Everything in life changes, including the definition of what is the best way to squat. To be a comprehensive athlete you must develop as many techniques as you can and know when to employ them in your training. The most important of these skills is a great squat, but with so much variety in ways to perform them, when should you change styles? The best way to do this is to examine how they develop the body differently and then match them up with weaknesses or upcoming events.
The High Bar Full Depth Squat
This is globally the choice of weightlifters and is typically considered the absolute standard for a true squat. Because the athlete squats as low as the body allows, there is no debate to the quality of depth. The bar is placed high on the back, the athlete takes a shoulder width stance and then lowers the body all the way down and then back up to full lockout.
- Increased muscle gain
- Excellent stimulation for growth, power and strength of all muscles in the low back and the leg
- Increases in flexibility and ROM vs. higher squats
- Limits maximum poundage when compared to partial range of motion
- Increased learning curve for most athletes
When to Use:
- Year round as an overall strength and mass builder
- Especially important for beginners to develop athletic balance
- Athletes who jerk the overhead and rely on being more athletic
The Low Bar Squat to Parallel
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Typically this is the movement you see powerlifters and recreational gym athletes perform. The bar is placed lower on the body and the lifter stops squatting when they reach about a 90 degree angle in the hip and knee.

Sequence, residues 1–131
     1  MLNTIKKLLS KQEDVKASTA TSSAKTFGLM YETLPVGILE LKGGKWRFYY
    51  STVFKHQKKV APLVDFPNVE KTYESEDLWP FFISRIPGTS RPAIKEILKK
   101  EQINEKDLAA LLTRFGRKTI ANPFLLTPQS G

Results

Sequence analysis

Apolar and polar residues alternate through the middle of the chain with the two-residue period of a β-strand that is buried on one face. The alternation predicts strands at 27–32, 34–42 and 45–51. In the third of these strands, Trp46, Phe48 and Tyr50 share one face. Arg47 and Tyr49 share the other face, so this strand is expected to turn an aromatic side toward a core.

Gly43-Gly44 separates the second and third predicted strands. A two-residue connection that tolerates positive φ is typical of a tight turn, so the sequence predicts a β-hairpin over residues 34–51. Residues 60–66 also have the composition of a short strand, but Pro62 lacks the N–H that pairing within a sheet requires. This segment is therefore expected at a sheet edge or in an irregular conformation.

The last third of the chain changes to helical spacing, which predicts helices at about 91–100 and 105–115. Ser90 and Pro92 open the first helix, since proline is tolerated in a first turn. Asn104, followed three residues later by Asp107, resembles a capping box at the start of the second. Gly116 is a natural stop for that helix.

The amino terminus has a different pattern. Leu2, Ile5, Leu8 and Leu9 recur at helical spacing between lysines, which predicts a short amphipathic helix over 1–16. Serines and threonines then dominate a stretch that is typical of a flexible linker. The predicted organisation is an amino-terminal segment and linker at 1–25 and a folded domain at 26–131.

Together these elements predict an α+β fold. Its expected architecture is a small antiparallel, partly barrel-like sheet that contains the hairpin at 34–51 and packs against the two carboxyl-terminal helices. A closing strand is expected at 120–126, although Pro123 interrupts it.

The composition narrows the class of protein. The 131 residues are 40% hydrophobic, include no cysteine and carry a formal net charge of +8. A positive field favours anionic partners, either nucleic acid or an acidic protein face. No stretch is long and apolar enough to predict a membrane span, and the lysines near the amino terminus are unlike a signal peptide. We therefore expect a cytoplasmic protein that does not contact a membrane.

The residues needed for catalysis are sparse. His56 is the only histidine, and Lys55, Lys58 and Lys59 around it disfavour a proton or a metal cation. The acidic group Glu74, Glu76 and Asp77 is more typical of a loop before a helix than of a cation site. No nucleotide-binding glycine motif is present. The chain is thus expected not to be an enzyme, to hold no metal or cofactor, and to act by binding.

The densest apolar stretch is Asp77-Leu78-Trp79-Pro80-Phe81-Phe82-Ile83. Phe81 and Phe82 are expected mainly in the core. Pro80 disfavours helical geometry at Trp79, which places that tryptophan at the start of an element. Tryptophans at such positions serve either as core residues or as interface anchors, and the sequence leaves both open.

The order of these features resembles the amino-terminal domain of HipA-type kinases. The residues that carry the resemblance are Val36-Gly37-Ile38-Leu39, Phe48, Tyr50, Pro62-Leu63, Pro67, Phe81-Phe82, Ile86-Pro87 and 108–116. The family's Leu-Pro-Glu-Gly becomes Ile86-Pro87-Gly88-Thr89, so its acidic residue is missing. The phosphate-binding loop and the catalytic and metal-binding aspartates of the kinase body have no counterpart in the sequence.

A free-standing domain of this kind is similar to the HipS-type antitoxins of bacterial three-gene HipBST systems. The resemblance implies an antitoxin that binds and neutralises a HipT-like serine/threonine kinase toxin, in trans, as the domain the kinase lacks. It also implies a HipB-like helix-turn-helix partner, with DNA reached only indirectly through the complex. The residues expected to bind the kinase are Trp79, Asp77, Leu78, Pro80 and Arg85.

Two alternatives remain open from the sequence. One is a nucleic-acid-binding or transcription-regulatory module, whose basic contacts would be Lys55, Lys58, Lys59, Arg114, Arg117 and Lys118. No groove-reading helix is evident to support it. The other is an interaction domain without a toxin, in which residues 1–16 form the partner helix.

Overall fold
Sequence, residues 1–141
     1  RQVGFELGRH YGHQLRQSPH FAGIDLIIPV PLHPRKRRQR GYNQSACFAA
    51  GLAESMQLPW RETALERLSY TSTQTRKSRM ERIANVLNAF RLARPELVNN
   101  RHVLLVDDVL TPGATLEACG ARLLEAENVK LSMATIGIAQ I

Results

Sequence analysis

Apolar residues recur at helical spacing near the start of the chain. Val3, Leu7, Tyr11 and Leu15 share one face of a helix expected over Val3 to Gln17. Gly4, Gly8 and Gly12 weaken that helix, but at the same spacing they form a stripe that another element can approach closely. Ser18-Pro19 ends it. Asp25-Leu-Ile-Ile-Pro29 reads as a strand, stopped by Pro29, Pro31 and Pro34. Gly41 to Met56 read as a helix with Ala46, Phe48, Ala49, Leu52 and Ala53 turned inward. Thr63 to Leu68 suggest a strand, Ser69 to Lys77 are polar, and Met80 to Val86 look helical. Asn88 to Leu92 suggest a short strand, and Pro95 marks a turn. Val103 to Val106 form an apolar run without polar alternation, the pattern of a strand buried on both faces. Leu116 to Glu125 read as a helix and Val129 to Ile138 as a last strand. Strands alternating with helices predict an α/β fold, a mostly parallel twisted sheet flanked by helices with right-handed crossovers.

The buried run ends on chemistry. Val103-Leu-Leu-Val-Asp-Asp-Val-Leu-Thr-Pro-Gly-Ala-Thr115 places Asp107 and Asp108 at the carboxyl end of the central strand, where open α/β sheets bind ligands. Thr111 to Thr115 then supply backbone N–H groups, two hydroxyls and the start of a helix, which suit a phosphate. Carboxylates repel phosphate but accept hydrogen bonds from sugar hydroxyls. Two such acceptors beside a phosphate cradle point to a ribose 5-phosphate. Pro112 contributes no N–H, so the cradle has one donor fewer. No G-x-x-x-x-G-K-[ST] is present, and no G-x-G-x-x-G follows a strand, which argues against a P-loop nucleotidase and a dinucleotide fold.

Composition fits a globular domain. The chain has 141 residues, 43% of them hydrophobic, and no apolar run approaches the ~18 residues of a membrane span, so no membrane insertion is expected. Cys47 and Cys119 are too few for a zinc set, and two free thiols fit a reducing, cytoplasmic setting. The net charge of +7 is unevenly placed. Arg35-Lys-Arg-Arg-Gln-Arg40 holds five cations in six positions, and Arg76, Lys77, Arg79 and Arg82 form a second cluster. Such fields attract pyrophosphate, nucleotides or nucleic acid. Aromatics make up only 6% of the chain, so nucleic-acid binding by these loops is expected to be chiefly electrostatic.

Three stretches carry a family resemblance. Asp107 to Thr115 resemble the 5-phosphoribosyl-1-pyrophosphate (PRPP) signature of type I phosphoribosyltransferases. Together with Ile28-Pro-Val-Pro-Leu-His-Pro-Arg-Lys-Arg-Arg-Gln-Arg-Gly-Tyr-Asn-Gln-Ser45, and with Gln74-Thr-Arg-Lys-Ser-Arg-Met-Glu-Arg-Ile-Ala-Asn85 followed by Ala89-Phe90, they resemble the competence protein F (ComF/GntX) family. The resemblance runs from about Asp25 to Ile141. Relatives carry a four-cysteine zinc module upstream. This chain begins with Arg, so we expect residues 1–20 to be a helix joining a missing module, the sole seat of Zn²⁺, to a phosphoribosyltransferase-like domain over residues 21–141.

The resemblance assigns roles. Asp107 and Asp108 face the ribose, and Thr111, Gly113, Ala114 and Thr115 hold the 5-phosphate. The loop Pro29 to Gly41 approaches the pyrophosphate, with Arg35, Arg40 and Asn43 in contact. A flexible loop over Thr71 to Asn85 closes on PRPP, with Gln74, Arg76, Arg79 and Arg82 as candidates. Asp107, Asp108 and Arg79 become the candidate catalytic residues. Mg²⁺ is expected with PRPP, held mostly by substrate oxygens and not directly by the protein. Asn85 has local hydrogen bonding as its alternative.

- Allows for heavier weights to be used
- Provides for great leg development with a smaller learning curve
- Knowing where the bottom is takes feel and high squats are often unintentionally performed (ego lifting can take over here)
- May create some imbalances in the knee due to the shortened range of motion
When to Use:
- Contest prep involving truck pulls and heavy front carries
- Overloading to help maximize the full squat
Box Squat and High Box Squat
This Louie Simmons invention simply places a seat under the lifter to allow them to stop the squat, release their hips then re-engage and stand.
In this video I perform a higher than parallel squat to overload my hips and hamstrings. This helps to ensure a great deadlift lockout.
- Depth is always met
- The relaxation of the muscles and then forceful explosion can rapidly increase power
- Crashing (falling on) or getting stuck on the box is dangerous
- Possible increased spinal compression when on the box
When to Use:
- For heavy yoke picks and walks this is one of the best static movements of all time
- When you have a sticking point in a deadlift, especially with higher pulls
If you only squat to parallel you should make sure you work in front squats to build your quadriceps. They are also great to improve your clean and rack position on the log and axel.
Zercher squats are a must if you have a Conan’s wheel coming up. By cradling the bar in your arms instead of on your collar bone or back you provide excellent stress on the core.
If you are having knee and/or range of motion issues try warming up each session with goblet squats. By holding an inverted kettlebell in front of you, you have a counterbalance that should help with your ROM and get the body ready for action.
The core movement of the squat is a must for every serious athlete. When you chose the right one at the right time, you will increase the efficiency of your time under the bar, something every athlete desires.
Editor’s note: This article is an op-ed. The views expressed herein and in the video are the authors and don’t necessarily reflect the views of BarBend. Claims, assertions, opinions, and quotes have been sourced exclusively by the author.
Photos courtesy Michele Wozniak